On Saturday, March 17, members of the Coalition for Peace, Revolution, and Social Justice (CPRSJ) attended a small ANSWER-dominated rally in downtown Los Angeles against US intervention in Venezuela, as we share the aim of opposing any US imperialist attack or strangulation of that country. Chants from the stage included “Hands Off Venezuela,” but also the more problematic and myopic “Venezuela Is Not Divided,” implying that the entire people is behind the increasingly authoritarian Maduro government.
Our slogans, as seen on the signs in the photo above, emphasized a firm opposition to US imperialism and intervention plans. But, unlike ANSWER, we also stressed that our solidarity is with the people, not the regime, and that we support socialist democracy and accountability for war crimes and crimes against humanity everywhere.
There are a number of different perspectives regarding the current situation in Venezuela within the Coalition for Peace, Revolution, and Social Justice, and so we have chosen six articles that reflect that diversity in perspectives. This is part 6/6, written by Charles Davis. Originally published on The Daily Beast on 21 February 2019.
Donald J. Trump, the oppressively dim
president of these United States, was elected by a majority of white
people who cast ballots but only a minority of the popular vote, and
only then with the actively solicited help of a foreign intelligence
service. His closest allies are gaudy authoritarians who murder their
critics without so much as a plausible cover story. He does not, one
must conclude, give half a goddamn about democracy—not in the
United States, not in Saudi Arabia and certainly not in Venezuela,
where his point person is a man, Elliot Abrams, whose obituary will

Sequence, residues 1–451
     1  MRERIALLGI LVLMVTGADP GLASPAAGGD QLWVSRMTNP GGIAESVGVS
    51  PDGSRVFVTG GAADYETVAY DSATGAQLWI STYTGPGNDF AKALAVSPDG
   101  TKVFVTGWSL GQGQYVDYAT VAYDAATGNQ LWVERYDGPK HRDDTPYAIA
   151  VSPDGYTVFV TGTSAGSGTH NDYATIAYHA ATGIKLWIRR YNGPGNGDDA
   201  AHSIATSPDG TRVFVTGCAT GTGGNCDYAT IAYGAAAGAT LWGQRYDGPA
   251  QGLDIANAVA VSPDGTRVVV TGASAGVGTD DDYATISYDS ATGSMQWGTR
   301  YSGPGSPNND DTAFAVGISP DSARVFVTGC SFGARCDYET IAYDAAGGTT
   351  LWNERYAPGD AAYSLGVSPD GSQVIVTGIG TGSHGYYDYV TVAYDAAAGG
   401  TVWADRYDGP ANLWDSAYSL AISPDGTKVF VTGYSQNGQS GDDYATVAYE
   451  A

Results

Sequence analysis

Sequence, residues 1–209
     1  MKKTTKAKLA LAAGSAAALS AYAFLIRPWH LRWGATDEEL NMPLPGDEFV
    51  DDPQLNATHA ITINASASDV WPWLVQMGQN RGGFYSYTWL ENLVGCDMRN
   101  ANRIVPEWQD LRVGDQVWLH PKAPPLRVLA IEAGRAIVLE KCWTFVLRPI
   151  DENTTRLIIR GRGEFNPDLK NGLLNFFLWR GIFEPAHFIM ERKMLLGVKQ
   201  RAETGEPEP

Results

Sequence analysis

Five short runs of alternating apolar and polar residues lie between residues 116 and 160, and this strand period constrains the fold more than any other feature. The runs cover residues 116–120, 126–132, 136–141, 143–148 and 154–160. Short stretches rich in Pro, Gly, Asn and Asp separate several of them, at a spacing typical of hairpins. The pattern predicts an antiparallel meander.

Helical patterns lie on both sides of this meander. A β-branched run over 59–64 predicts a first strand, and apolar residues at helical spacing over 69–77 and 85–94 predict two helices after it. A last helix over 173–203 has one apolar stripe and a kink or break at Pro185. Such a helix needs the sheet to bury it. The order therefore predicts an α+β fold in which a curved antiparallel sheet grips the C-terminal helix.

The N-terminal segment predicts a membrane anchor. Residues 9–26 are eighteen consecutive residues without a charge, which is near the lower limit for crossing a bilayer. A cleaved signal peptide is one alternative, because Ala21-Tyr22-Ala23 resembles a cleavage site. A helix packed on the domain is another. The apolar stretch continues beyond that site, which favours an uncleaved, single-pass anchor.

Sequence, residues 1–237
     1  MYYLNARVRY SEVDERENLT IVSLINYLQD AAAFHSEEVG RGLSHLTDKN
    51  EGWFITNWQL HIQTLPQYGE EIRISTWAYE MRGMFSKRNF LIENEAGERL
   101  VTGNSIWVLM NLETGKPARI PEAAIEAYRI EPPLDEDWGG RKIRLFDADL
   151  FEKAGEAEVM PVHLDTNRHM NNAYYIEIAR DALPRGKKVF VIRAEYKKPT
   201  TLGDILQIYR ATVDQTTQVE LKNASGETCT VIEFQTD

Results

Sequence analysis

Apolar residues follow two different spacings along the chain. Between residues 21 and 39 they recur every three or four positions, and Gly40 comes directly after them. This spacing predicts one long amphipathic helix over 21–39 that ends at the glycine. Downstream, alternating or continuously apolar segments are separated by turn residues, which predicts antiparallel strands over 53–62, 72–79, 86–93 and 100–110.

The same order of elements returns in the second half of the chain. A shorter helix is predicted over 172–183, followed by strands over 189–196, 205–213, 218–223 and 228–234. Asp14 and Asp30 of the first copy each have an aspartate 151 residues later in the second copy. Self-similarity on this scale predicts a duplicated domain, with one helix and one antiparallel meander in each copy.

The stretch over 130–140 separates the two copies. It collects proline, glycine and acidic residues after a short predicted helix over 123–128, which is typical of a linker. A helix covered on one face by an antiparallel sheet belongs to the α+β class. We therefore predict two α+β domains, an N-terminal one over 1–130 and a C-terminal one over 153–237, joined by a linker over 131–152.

include the term “right-wing death squads.”
It is an obvious point, but one
necessary to make in a world where implausible statements from an
incoherent president are still treated with legitimacy by a class of
reporters and pundits trained to show undue respect to those who
wield power, corporate or political and nowadays both. Trump cares
about Venezuelans, whom his government routinely
deports, about as much as he cares about his own children, which
is not to say “a lot.” If he cared about corrupt elites ignoring
the opposition-held legislature on their way to bankrupting a country
for profit, he would resign, or at least hand back the $500,000
he received from the Venezuelan state for a party on his
It is good and just to be an irritant on this point, but it is
equally important that it not be the only one that is made. When
Trump talks about democracy and poverty in Venezuela unconvincingly,
what he says that is discernible is not necessarily wrong; the former
is indeed lacking, in Caracas and Washington, and the latter
abundant. As in the imperial core, the Venezuelan government has
usurped its constitutional authority. I know, in part, because I was
paid by it, working as an editor at the state-sponsored teleSUR,
based in Ecuador, a former sponsor (its governing social democrats
In late 2015, when the opposition coalition won the National
Assembly with 56 percent of the vote, the expectation was that my
employer would go down with the dethroned ruling party—the
expectation being that legislatures, not presidents, determine
spending priorities. And the opposition did not like us.
That did not happen. Maduro, instead, claimed the authority to
pass budgets by executive fiat—in the U.S. democracy, presidents
declare a “national emergency” to do that—helping preserve the
delicate balance of power that has led the military, enriched by
smuggling and the self-inflicted currency exchange system that fuels
it, to stick with his administration. He then created an extralegal
body, called a Constituent Assembly, that has the purported power to
rewrite all laws.
Filled with party loyalists, the assembly was declared illegal by
Venezuela’s attorney general, Luisa Ortega Díaz, who had been
appointed by Hugo Chavez in 2007; she was forced to flee the country,
another Chavista labeled a right-wing plotter by a government that
has betrayed the poor. Maduro then won a presidential election, after
his leading opponents, in a vote that, according
to the United Nations, “does not in any way fulfill minimal
conditions for free and credible elections.”
The international left, then, should have taken notice
and—supporters of Maduro or not—urged against the dismantling of
democracy, and walking back from the precipice; friendship is not
telling a drunk comrade that they are a great driver and thus ceding
the moral high ground to the cop that pulls them over.
It is also true that the Venezuelan government, not the U.S., is
largely responsible for the state of the Venezuelan economy.